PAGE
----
In 2023 the film won the World Cinema Audience Award: Documentary at the Sundance Film Festival. It secured 15 more major awards, including Most Valuable Documentary of the Year from the Cinema for Peace Foundation and the Greg Gund Memorial Standing Up Award at the Cleveland International Film Festival. As of February 2024, 20 Days in Mariupol is nominated for an Oscar and received Bafta Awards as Best Documentary.

Reflection, 2021, directed by Valentyn Vasyanovych

Where to watch: Amazon Prime

Nominated for the Golden Lion award at the Venice Film Festival, this drama was directed by Oscar-nominated Valentyn Vasyanovych, one of Ukraine’s most famous directors. Reflection tells the story of a Ukrainian military surgeon named Serhii Melnyk who is captured by Russian military forces. During his time in captivity, Serhii endures endless torture and suffers through different stages of mental and physical abuse all while witnessing the dehumanizing treatment of other Ukrainian prisoners of war. After his release from captivity as part of a prisoner exchange, Serhii struggles with readjusting to normal life. To fight his post-traumatic stress disorder (PTSD), he decides to mend relations with his ex-wife and 12-year-old daughter Polina, who is trying to cope with the death of a loved one in the war. As Serhii spends more time with Polina, aiding in her struggle with the trauma of loss, he finds himself on a path to healing, despite the lingering shadows of war.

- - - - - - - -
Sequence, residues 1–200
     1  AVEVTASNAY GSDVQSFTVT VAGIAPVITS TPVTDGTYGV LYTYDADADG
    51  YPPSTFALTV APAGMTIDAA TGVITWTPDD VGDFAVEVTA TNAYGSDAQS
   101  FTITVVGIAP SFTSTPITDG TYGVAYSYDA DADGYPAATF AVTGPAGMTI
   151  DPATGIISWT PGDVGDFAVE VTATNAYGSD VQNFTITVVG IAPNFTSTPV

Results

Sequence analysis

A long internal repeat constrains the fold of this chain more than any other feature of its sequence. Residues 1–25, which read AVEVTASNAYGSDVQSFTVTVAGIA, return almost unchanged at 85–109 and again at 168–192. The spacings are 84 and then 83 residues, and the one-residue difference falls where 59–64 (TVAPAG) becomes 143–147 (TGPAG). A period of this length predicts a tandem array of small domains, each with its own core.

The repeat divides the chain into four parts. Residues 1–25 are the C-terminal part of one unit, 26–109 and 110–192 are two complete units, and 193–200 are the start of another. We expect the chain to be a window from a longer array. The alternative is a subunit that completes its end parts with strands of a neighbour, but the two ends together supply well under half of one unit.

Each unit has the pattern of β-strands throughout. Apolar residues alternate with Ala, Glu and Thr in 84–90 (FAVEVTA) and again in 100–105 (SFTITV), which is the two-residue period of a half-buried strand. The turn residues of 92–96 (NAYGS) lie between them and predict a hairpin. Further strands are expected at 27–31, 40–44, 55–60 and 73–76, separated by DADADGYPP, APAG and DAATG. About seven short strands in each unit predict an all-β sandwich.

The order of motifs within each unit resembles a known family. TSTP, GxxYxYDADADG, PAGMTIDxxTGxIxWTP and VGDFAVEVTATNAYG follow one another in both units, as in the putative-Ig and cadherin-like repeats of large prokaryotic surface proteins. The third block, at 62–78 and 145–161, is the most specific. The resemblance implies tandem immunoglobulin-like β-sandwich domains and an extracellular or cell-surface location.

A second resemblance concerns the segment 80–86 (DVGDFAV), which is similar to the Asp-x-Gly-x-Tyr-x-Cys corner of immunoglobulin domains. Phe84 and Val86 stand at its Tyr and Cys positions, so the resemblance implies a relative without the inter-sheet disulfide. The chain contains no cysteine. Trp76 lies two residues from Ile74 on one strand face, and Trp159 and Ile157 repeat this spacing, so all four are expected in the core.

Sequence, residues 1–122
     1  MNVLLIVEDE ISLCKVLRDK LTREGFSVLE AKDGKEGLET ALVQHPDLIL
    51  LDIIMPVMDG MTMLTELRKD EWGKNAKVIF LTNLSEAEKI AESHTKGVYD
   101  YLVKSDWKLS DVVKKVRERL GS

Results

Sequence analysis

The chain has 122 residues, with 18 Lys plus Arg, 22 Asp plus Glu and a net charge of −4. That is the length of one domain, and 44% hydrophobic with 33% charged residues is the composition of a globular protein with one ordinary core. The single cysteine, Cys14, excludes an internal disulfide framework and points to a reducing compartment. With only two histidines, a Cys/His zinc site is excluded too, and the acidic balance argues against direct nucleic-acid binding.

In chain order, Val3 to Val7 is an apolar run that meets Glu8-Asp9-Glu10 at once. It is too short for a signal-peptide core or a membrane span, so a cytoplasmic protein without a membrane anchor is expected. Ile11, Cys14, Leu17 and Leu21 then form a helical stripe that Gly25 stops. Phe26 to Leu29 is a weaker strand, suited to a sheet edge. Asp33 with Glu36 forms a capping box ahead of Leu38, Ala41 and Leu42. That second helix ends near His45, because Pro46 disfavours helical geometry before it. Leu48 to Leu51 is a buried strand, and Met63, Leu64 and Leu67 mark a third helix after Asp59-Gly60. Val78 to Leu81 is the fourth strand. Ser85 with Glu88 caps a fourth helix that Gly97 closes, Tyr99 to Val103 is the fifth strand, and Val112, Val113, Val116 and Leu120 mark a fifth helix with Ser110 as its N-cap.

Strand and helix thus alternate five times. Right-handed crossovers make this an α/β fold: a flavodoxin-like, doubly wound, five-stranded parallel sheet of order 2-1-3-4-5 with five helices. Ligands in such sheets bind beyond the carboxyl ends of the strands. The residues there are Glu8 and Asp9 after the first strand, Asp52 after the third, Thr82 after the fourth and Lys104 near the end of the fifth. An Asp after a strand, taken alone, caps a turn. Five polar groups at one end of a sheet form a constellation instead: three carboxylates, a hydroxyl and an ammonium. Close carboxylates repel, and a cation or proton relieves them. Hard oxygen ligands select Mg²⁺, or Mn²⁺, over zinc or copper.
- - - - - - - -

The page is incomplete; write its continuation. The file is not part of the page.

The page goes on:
The title of the film alludes to the main character’s life after his release. Traumatic memories from his time in captivity reflect into his post-prison daily life. Through delicately drawn parallels between Serhii’s time in prison and his life post-release, scenes of his interactions with the outside world, and substantive dialogues, the audience becomes deeply immersed into the essence of the film.

Alisa in Warland, 2016, directed by Alisa Kovalenko and Liubov Durakova

Where to watch: Takflix

Alisa Kovalenko experienced the first days of the Revolution of Dignity as a 26-year-old cinema student with a camera in her hands. “I was there and I wanted to catch every moment on camera. It was a fight for my country, my freedom,” says Alisa on camera against a backdrop of fire and explosions on the Maidan. She continued carving her path as a documentary filmmaker during Russia’s invasion of the east of Ukraine in 2014, filming some of the most intense battles and documenting her time in captivity.